We have been homeschooling my fourteen-year-old son since he was eight years old.
Last week he went back to school.
He is enrolled in a Medieval History class at a private school, as part of a homeschool hybrid program.
He wants to go. He wants to get away from his little brother. He wants to learn from someone other than me. He wants to hang out with other teenagers.
He is growing up.
So with some anxiety and lots of prayer, I toured the school, filled out the paperwork, wrote the check and sent my son back into the classroom.
I received an email from the teacher after his first class.
I held my breath when I opened it. (Part of our decision to homeschool was based on how difficult the school environment was for my child. Most emails back in our school days brought bad news.)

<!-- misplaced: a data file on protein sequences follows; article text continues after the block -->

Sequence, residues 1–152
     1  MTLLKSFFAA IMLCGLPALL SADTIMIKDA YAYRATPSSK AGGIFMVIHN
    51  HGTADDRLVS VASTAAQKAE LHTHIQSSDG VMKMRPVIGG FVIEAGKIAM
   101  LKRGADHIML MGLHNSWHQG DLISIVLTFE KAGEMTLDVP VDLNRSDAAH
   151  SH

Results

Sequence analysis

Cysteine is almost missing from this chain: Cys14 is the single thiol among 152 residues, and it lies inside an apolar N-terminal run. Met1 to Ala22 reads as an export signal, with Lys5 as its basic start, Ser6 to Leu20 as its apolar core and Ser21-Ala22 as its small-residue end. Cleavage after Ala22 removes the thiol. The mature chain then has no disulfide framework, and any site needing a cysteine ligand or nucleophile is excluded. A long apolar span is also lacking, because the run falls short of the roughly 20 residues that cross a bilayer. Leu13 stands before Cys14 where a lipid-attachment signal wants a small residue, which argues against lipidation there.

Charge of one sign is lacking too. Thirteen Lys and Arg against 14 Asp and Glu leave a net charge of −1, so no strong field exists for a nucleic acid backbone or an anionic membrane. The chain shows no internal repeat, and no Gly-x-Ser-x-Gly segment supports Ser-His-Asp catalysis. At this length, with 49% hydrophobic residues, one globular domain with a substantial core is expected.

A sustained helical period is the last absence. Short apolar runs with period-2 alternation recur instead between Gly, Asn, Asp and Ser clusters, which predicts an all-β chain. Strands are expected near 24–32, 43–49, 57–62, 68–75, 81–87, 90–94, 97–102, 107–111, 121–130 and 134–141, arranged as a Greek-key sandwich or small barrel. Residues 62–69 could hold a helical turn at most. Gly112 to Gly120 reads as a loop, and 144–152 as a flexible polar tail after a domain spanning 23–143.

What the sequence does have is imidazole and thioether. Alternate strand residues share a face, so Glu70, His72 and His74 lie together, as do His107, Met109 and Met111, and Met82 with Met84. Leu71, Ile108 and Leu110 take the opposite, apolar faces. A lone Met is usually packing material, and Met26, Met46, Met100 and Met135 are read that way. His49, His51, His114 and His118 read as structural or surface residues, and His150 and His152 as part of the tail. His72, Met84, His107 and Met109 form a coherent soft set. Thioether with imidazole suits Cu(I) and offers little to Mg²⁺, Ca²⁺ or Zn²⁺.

“I am really looking forward to working with your son. He is quite a remarkable student. His knowledge of history is already quite impressive – not just for his age, but for anyone!“
That was it.
No concerns over his social ability or attention.
No comments about his interactions with other children.
No wringing of the hands because he wears crocs instead of “appropriate footwear.”
Late last week, my son asked if he could go to the school’s movie night.
“I met two boys that are really into computers and they are going to be there. They asked if I could come too.“
My son made friends, immediately. He engaged in an extra-curricular activity, immediately.
He is having fun and socializing at school.
Why am I so surprised?
The Truth About Homeschooling Children With Special Needs
One of the fears we have, and the myths we believe, is that if a child is homeschooled (especially a child with special needs), there is no way they will be able to “hack it in the real world,” including environments with other children that are not homeschooled.
My experience has consistently been exactly the opposite.
My son’s positive transition into a different learning setting has caused me to think about all the other misconceptions we believe about homeschooling our children with learning differences.